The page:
Electrostatic interaction: Silver and gold nanoparticles prepared by reduction of the metal ions with common reducing agents such as citrate and sodium borohydride have negative surface charges primarily due to the adsorption of major anions (citrate or BH4 −) in solution. Those negatively charged nanoparticles can be used directly for analyzing most positively charged molecules as the strong electrostatic attraction brings the analyte molecules close to the particle surface. However, for analyzing negatively charged molecules, low SERS signal intensity is expected unless the electrostatic repulsion is overwhelmed by specific interactions between the molecules and the surface. To overcome this difficulty, the nanoparticles surface can be made to carry positive charges by adsorption of simple ions (e.g. protons and ferric ions), small molecules (e.g. thio]amine), polyelectrolytes (e.g. polyallylamine and polyethyleneimine) as well as very fine nanoparticles (e.g. hematite). Positively charged surface can also be generated by depositing a thin layer of inorganic phase such as hematite and titanium oxide which carry positive charges at neutral and low pH's.
Hydrophobic interaction: Most of large organic molecules of medical and environmental interest are generally at least partially hydrophobic. This is one of main reasons for the wide applicability of reverse phase HPLC as an analytical tool. An organic coating can be created on silver/gold particles to retain various analyte molecules as in the case of reverse phase chromatography. For example, alkyl chains of different lengths (from C4 to C18) can be grafted to gold particles or gold coated silver particles.
In other embodiments of the invention, other functional groups can also be introduced in the organic phase to include more specific interactions such as H-bonding and ion-pairing. The strong S—Au interaction can also be employed to introduce various functional groups into the hydrophobic layer around the particles. For example, bifunctional molecules of the type HS—R—X can be adsorbed on gold or gold coated silver surface, where X can be carboxyl, amine, hydroxyl, and so on, and R can be any type of hydrocarbon moiety with or without various functional groups to facilitate specific interactions with the analyte molecules. For example, the introduction of amine or positively charged ammonium groups will facilitate electrostatic interaction with negatively charged analyte molecules. Similarly, the presence of negatively charged functional groups such sulfate and phosphate can facilitate ion-pairing with positively charged analytes.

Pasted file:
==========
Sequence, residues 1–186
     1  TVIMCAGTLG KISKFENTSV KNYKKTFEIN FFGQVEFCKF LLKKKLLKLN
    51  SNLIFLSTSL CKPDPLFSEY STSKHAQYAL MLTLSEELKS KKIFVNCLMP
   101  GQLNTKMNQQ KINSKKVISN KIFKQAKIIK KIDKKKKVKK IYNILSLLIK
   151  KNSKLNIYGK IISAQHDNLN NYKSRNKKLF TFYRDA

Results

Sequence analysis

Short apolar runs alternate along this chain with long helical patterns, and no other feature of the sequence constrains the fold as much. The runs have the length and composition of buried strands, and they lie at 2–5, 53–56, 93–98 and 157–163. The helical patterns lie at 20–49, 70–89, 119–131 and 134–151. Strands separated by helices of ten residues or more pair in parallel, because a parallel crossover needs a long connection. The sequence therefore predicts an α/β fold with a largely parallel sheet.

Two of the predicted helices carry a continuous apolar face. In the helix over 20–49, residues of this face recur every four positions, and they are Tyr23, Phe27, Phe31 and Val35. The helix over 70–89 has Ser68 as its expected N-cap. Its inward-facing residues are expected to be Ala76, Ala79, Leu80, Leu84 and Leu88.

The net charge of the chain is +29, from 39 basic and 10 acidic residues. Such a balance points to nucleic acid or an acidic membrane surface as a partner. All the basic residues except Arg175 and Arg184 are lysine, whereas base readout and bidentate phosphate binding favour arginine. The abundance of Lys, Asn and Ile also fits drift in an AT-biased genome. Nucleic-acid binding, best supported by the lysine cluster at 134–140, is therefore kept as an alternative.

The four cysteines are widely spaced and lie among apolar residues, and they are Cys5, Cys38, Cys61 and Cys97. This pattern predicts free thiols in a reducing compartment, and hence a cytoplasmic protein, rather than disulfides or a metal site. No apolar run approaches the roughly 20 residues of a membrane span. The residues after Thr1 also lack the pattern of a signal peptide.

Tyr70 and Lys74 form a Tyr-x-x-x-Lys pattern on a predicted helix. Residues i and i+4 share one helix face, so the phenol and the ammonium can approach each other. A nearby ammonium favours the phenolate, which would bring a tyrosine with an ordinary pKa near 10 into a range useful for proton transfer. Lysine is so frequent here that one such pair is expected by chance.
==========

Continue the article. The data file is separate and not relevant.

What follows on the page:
Alternatively in other embodiments of the invention, the metal nanoparticles can be coated with a thin layer of silica, as shown in
Specific interaction: Covalent bonding and other strong specific interactions such as hydrogen bonding between complimentary oligonucleic acid strands as well as antibody-antigen interaction can be used to bring the analyte molecules very close to the native or derivatized metal particle surface. For example, when analyzing thiol-containing compounds, gold nanoparticles or silver particles with a thin gold layer can be used as a SERS substrate to take the advantage of the strong S—Au interaction.
In other embodiments of the invention relating to analyzing proteins or peptides, the metal particles can be derivatized with ligands with strong affinity for the analytes as in the case of immobilized metal affinity chromatography (IMAC). Glutathione can be used for Glutathione-S-Transferase (GST)-proteins, and boronic acid or lectin for glycoproteins and polysaccharides as well as carbohydrates.
In the above cases, the Raman scattering from the affinity ligands should preferably be subtracted as follows. A background Raman spectrum of each modified particle in the absence of any analyte is recorded. Upon collection of a spectrum in the presence of analyte, the background spectrum is then subtracted out yielding peaks that can be attributed to the analyte in question. This can be done using a variety of commercially-available software. An examination of the change in background peaks can also provide information about the binding mode of the analyte. Changes in particular bands can be associated with functional groups in the background and indicate how the analyte is interacting with the nanoparticle. This is useful in fine-tuning the specificity of the nanoparticle for a particular analyte.